Take South Africa as an example.  How many more years would the South Africans have had to wait for the Afrikaner Government to get the message.,. It was sanctions that brought them to their knees on the issue. And it matters not whether a majority or minority of the population was impacted. it is all the same when you speak about sovereignty.
2. The issue of global participation: I agree, AID ought not be cut for the reason of homophobia.  However if it  is cut it should be because of Uganda's huge incidence of corruption - and not because of the Anti-homosexuality Bill. The latter will just cause a backlash and further scapegoating gays. So I agree in principle.  However what Mwenda does not seem to realize or simply omits is that some international corporations  have  a presence in Uganda, such as Barclays Bank and Hilton hotels. These companies have all inclusive hiring diversity policies on their website, and purposefully reach out to LGBTI people.  Does Uganda expect these companies to stay in Uganda and conform to their homophobia or do Ugandans respect their independence and right to their views too?
So while different to cutting AID, I have no doubt many businesses will be forced to stop doing business with Uganda and will be forced to stop operating in Uganda, because the new Anti-gay law will make it operationally impossible. remember the new law requires that an employer turn over a known gay within 24 hours or that employer can face three years in prison. no western busines in its right mind will continue to operate under such threat.
Mr. Mwenda you are a great voice for reason- however stop being an apologist and look at more productive ways to have this conversation at this time.  Using the issue of  asking that AID not be cute and the suggestion of more visual gay sex is hardly a strategy.  There is no time to waste for those whose lives will be dramatically impacted by the Bill.  There is no time to spend - for an entire generation to go by before education by infusion works; certainly not in a climate where there has been active promotion of the hate.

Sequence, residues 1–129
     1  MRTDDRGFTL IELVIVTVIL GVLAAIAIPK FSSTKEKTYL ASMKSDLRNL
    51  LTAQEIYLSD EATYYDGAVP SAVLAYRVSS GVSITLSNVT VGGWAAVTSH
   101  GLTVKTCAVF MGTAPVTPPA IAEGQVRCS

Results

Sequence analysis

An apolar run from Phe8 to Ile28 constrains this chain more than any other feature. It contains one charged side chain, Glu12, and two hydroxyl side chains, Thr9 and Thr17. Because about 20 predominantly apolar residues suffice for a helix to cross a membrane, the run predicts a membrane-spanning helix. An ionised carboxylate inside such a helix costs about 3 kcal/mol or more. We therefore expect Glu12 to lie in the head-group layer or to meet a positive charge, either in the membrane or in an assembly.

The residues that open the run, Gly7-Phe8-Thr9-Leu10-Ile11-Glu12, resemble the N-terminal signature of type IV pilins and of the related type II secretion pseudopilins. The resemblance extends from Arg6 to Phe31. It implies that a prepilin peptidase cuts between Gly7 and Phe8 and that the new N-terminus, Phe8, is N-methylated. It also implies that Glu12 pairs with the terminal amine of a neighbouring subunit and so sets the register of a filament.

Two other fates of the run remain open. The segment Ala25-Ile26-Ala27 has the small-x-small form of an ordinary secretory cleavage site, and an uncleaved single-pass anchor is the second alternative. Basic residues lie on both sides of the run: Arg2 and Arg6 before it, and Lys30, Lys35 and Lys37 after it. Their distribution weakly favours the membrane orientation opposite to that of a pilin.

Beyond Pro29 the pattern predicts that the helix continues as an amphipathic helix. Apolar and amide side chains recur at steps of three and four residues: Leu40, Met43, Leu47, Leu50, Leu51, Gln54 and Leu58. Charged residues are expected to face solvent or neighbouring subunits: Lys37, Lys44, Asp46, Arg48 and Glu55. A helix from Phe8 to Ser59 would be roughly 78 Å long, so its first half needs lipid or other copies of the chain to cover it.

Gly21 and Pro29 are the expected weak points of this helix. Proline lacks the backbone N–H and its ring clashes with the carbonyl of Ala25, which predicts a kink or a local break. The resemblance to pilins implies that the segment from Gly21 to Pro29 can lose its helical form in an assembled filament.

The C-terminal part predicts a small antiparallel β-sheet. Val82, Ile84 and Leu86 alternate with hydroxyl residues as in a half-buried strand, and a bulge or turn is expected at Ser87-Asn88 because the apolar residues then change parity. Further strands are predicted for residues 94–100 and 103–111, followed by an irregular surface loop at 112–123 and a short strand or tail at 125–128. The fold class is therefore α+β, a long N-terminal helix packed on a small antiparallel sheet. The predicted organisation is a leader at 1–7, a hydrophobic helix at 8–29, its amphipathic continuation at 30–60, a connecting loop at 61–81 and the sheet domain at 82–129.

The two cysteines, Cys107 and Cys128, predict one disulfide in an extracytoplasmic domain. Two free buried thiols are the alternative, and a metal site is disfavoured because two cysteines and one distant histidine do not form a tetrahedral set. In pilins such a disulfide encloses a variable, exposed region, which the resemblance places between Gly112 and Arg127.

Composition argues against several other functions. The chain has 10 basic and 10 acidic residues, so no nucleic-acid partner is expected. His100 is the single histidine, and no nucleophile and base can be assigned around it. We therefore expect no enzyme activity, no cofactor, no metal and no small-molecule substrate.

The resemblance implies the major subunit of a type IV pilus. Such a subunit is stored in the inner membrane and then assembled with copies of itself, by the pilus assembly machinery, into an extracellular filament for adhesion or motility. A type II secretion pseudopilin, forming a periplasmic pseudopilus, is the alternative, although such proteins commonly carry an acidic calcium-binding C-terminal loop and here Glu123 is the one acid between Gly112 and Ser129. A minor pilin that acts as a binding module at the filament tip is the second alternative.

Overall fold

Andrew Mwenda is still a great ally and an important voice and I do not purport to understand Ugandans better than he does, however I believe strongly that it is time for people in his capacity to introduce a much more productive and proactive route toward the truth about homosexuality for presentation to Ugandans.
About Andrew Mwenda:
A Ugandan journalist, founder and owner of The Independent, Uganda's premier current affair's news magazine, he attended Busoga College Mwiri in eastern Uganda before attending Makerere University. He was arrested and released on bail by the Ugandan government for "being in possession of seditious material and of publishing inflammatory articles". He earned a master's degree in Development Studies at the University of London in the UK. He was previously the political editor of The Monitor newspaper and presenter of Andrew Mwenda Live on the KFM radio station. In 2005, he was among sixteen senior journalists invited by the British government to meet prime minister Tony Blair to discuss the forthcoming report of the Commission for Africa.
In August 2005 he was charged with sedition for broadcasting a discussion of the cause of death of Sudanese vice-president John Garang.
In July 2006, Mwenda appeared before the British House of Commons committee on Global Poverty to testify against aid to Africa. He has written widely on the effects of aid on the development process in Africa and been published in such prestigious newspapers as the International Herald Tribune and Der Spiegel and done radio and television documentaries for the BBC on this subject. Mr. Mwenda has also been widely quoted in international media - BBC, CNN, New York Times, Washington Post, The Times, The Economist, and many other newspapers, radio and television networks in Europe and North America.